- Subway has debuted a new take on its popular $5 footlong: the $4.99 footlong.
- As of January, five Subway sandwiches are $4.99.
- Some Subway franchisees protested the deal.
- Subway’s store count dropped by more than 900 and national sales declined in the US in 2017, people with knowledge of the situation told Business Insider.
Subway has brought back the $5 footlong two years after officially retiring the popular deal. On Monday, the sandwich chain announced it would sell the larger size of five of its classic sandwiches for $4.99.
The decision, which applies to the Veggie Delite, Spicy Italian, Black Forest Ham, Meatball Marinara, and Cold Cut Combo sandwiches, was a controversial one – and comes at a critical point for Subway.
The sandwich chain’s US store count dropped by more than 900 in 2017, or almost three times as many locations as closed the year before. National sales declined at stores across the US last year, people with knowledge of the situation told Business Insider.
Franchisees in crisis
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Roughly 400 franchisees signed a petition protesting the chain’s plan to bring back the $5 footlong deal, the New York Post reported in December.
Responses to the return of the promotion were mixed among the more than a dozen current and former franchisees who spoke with Business Insider (many on the condition of anonymity, as franchisees are not allowed to talk to the media).
“I don’t understand the backlash,” one franchisee said. “For one, the promotion only includes five of our footlongs.” Further, the person said, unlike when customers create their own sandwiches at the chain, the five sandwiches being promoted have “controlled formulas,” which the person said would “enable franchisees to have better control over food cost.”
Other franchisees indicated that concern over this specific deal was less pressing than other issues.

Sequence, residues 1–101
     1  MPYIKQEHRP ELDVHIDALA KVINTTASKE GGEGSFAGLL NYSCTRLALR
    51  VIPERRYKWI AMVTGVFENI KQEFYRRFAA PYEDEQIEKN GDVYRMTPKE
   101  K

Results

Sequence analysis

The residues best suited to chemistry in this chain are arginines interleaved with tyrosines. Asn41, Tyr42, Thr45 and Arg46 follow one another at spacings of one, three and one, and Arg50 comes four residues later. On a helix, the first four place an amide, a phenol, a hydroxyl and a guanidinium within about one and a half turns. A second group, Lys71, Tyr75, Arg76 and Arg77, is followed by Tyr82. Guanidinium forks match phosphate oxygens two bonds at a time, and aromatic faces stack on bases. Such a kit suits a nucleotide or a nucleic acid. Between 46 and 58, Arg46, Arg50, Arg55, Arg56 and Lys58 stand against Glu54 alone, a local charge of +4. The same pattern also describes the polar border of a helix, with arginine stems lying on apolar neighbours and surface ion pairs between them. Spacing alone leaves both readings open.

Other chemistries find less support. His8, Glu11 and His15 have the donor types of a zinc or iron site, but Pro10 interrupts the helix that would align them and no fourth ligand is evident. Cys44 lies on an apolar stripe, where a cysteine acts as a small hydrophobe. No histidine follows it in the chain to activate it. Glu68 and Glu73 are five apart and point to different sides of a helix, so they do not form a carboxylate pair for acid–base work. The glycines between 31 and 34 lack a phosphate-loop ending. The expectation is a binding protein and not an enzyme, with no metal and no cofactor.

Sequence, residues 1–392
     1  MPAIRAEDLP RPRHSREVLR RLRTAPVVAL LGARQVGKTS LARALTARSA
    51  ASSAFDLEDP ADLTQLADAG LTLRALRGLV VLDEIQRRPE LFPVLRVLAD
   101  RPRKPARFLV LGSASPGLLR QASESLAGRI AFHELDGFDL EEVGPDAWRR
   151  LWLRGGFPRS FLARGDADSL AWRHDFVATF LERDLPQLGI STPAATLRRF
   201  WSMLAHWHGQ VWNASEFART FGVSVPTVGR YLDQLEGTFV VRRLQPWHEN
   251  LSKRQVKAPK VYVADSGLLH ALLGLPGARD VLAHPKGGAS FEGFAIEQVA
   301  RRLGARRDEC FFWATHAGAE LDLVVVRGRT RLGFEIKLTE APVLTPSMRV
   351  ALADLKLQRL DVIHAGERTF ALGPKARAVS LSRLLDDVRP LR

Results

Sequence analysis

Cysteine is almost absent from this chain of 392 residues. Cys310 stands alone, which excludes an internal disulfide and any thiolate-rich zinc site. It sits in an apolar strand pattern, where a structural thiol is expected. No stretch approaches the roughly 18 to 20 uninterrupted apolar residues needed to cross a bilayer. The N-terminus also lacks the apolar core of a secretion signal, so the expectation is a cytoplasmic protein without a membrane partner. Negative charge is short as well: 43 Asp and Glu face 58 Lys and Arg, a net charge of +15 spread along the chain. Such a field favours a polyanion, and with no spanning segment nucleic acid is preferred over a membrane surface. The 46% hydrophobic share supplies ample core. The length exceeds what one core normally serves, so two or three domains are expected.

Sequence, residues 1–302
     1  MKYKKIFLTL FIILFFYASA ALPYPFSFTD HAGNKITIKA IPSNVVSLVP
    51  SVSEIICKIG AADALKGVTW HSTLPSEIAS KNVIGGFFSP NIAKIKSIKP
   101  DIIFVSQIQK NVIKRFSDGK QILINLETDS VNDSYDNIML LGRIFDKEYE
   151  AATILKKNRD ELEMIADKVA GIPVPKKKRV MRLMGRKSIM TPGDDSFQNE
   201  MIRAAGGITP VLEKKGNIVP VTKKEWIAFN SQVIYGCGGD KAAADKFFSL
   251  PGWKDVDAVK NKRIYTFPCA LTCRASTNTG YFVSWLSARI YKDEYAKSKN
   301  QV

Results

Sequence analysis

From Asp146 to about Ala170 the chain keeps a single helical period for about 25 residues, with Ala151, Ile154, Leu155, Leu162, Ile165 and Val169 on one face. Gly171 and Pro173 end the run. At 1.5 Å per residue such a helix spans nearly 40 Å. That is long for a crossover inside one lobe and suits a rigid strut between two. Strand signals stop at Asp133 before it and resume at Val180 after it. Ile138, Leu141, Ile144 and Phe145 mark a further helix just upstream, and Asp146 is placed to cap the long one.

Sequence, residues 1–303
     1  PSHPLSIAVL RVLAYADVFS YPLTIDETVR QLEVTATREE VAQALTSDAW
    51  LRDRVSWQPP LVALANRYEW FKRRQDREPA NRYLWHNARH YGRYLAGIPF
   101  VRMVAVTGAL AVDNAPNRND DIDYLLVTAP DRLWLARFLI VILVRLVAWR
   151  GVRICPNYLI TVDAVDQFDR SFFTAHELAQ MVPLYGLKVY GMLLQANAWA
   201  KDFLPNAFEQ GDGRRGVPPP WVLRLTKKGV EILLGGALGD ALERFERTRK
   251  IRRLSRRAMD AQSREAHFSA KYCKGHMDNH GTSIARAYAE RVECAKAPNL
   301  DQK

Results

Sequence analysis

“We are upset about doing the $4.99 footlongs, but them doing a coupon drop for three straight months is more upsetting than that,” another franchisee said, referring to Subway’s promotion strategy toward the end of last year. “We believe that the problems are really at headquarters.”
Franchisees and Subway employees also expressed concerns over the chain’s ability to keep up with trends and serve fresh produce. Some said the most pressing issue – a direct cause of hundreds of closings – was that Subway had opened too many locations, with nearby stores cannibalizing one another’s sales.
Of course, not all franchisees are unhappy with their situation. Some franchisees told Business Insider that they thought the store closings were a natural part of Subway’s maturation and suggested the return of the $5 footlong could be a key opportunity to grow traffic at the chain after years of decline.
“We have support from the majority of franchisees on this program and many others we are testing,” Subway said in a statement in December, when reports emerged of franchisees’ backlash against the coming deal. “However, we typically do have a number of restaurants that don’t participate in our national promotions. It is always optional.”